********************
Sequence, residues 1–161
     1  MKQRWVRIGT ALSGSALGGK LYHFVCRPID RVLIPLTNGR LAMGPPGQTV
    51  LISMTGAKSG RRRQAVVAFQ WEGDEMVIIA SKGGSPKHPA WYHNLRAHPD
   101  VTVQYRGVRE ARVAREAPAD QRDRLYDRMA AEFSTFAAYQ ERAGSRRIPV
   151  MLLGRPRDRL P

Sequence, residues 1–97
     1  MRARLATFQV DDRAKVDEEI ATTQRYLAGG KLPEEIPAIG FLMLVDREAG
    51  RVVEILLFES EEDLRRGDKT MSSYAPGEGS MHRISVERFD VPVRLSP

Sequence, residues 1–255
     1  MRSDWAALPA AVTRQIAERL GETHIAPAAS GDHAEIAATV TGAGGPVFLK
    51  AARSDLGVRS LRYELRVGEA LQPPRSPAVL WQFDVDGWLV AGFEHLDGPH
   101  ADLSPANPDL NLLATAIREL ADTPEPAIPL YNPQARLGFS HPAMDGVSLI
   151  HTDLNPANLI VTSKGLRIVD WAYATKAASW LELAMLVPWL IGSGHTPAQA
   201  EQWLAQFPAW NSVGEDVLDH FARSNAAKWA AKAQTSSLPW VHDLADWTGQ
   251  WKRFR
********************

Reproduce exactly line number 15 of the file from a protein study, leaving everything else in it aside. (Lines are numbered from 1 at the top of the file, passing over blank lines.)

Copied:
   251  WKRFR